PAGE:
In a few weeks, Emmanuel Aka will report to Fort Sill, a sprawling U.S. Army base in Lawton, Oklahoma, 85 miles southwest of Oklahoma City that’s stood for more than 150 years and is home to Army Field Artillery School.

It’s where soldiers such as Aka, who graduated this spring for the U.S. Military Academy with a degree in Systems Engineering and rank of second lieutenant, will learn the tactics, techniques, and procedures for using weaponry to protect troops during combat. He’ll take what he’ll learn to a base in Alaska before being deployed overseas, most likely into a combat zone such as the Middle East.

Thousands of miles from home, it will be up to the former standout lineman at Norcross High School to do what he’s been preparing to do since first donning a football helmet.

“Football has taught me how to be a leader and that you always have to grind when things don’t go your way,” Aka, 25, said. “You are always going to have moments when things don’t go your way and you learn what adversity is all about. Nothing is easy. You just have to keep chopping wood and keep fighting until you find success.”

Fortunately for Aka, “success” is something he knows how to achieve. Whether it is learning to thrive in Gwinnett County after emigrating from Italy with his family when he was 9, battling up the depth chart to become a starter for state championship football teams in 2012 and 2013 or achieving excellence in the classroom at Norcross High and at West Point – one of the nation’s most rigorous academic institutions – he’s done it.

“He’s special,” Norcross coach Keith Maloof said. “In high school, he would take all of the honors and [advanced placement] classes and then work just as hard on the field. He’s a leader and his teammates looked up to him.”

Now it’s up to Aka, who was a member of the Army’s football team for three years, to show just how good of a leader he really is, when ultimately, he’ll be in charge of troops whose lives hinge on his command.

“I’m being entrusted to make decisions so our missions are successful and our troops come home,” he said. “There’s a lot of trust there. It is human nature to be worried about making mistakes, but I’m going to be surrounded by other officers who have been in the military a lot longer than me. I’m not afraid to ask them questions and get their guidance. But it is a scary thought to know that you are going to have 30 or 40 soldiers who you are in charge of and their lives depend on you making the right command.”

The past decade has molded Aka into who he is today. His life revolves around discipline – a principle he credits football for teaching him. To become one of the county’s best players at his position, he had to be a sponge. After all, he didn’t grow up around the game. His parents are from Africa and he spent his early years in Italy, where football means kicking a ball into a goal, not scoring a touchdown.

But Aka learned to love the football lifestyle, especially the monotony of it. At Norcross and West Point, every hour brought purpose. Whether it was the time spent strengthening his 6-foot-2, 230-pound body in the weight room, sharpening his mind in the classroom or learning time management skills since his time at home or in the dorm room had to be spent studying if he had any chance to make good grades.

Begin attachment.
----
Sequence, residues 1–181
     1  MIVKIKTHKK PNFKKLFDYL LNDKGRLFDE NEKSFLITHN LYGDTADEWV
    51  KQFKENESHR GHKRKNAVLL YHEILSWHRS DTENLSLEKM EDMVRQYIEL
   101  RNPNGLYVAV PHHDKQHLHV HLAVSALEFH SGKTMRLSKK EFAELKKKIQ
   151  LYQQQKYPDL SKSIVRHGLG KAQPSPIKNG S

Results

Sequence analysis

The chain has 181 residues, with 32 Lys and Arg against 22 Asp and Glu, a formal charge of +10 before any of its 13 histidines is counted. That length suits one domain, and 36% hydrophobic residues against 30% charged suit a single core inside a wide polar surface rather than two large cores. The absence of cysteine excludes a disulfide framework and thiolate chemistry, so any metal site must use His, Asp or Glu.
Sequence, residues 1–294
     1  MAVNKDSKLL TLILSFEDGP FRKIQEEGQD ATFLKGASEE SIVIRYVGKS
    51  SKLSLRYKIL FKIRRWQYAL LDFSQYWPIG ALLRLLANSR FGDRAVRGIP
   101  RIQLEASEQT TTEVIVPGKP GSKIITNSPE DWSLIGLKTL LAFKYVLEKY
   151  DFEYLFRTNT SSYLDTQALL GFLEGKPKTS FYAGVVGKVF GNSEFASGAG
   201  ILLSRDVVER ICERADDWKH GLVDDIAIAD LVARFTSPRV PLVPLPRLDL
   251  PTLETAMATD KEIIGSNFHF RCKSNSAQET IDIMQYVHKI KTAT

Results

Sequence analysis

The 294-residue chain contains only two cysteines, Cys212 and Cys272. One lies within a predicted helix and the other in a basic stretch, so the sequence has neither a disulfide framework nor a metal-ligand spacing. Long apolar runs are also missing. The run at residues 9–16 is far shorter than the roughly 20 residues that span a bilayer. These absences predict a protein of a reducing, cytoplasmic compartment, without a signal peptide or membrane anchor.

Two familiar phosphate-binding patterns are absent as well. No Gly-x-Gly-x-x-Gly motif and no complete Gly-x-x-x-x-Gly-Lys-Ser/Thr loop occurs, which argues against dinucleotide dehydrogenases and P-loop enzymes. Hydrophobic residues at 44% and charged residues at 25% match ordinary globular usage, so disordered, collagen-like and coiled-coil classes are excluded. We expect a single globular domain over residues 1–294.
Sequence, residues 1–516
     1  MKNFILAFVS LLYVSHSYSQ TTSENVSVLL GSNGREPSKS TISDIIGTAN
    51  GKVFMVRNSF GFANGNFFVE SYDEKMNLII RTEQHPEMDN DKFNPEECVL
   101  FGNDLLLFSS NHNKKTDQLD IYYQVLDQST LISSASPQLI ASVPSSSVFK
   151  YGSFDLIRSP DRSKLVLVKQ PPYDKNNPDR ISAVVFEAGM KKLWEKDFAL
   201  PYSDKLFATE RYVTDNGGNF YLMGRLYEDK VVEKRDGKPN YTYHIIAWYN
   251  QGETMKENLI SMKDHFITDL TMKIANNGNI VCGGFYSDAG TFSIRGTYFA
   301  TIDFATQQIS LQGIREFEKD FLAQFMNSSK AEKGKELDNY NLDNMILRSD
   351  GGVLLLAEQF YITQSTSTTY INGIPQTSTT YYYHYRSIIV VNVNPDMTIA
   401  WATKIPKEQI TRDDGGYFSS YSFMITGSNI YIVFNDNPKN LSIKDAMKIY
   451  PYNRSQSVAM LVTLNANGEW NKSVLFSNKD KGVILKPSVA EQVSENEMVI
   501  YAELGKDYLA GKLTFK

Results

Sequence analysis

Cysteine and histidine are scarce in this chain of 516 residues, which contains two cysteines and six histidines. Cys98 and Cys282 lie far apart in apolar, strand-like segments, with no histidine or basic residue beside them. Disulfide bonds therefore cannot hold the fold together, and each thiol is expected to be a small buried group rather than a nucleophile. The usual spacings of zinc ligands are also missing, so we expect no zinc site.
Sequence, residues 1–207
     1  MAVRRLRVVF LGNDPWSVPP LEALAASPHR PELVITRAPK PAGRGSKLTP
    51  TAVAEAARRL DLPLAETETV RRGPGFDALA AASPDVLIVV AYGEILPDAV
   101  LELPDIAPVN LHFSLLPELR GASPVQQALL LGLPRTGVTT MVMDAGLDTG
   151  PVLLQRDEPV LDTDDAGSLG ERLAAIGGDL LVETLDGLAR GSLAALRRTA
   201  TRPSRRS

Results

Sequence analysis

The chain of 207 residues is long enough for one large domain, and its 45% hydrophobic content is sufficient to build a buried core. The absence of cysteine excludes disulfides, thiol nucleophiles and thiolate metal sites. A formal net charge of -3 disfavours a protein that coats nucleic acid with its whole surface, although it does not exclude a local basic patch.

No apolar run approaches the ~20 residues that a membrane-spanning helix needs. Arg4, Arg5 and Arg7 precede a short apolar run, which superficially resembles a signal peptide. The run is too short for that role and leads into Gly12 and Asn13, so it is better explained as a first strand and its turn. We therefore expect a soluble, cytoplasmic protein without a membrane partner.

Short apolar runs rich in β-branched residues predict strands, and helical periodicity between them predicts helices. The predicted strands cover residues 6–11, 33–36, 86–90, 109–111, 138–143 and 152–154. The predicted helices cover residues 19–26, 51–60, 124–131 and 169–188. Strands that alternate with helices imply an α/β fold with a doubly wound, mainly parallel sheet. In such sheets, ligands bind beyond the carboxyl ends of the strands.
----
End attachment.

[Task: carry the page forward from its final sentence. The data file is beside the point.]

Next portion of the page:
“At West Point, I had a schedule in which I knew at what time I would eat every day,” he said. “Norcross taught me a lot. It got me ready for West Point. It taught me discipline. West Point was just harder because you are always surrounded by people who are really, really smart and you are always challenged. I struggled academically at first and really had to work hard to turn it around.”

Aka’s struggles in his early years at West Point weren’t entirely because of the academy’s tough academic standards. His sophomore year, his father, Aka Kouao Bernard, got in a serious car accident on Interstate 85 and ultimately succumbed from his injuries months later, leaving behind five kids and his wife Abowa DeChiamah.

“My dad loved the United States was so happy he and our family lived here,” Aka said. “He always talked to me about serving our country. When I got into West Point, he couldn’t stop taking about it. He was so proud. When he died, it was very tough on me. I thought about dropping out and going home to get a job and support my family.

“But my parents always taught me to keep fighting through adversity so I stayed and I graduated. My parents never got a chance to visit me at West Point and neither did any of my brothers or sisters. I hope I can come back with all of them here one day. The thing about West Point is: Everything about it has your own story. You see a building and it reminds you of something. It will always be a special place for me.”

Maloof is well aware of what the next chapter of his life with bring. Maloof has forged a close relationship with the Aka family. He coached Emmanuel’s twin brothers, Frederic and Ferdinand, who went on to play for Albany State after graduating in 2015, a year after Emmanuel.

“Emmanuel Aka is what our program wants to be about,” Maloof said. “Yes, we want to get players the opportunities to play college football and go onto the NFL. But we want all of our players to be successful, whether they want to be teachers, lawyers or businessmen. We want to use football and our team to get them ready to succeed in whatever they choose to do in life.”

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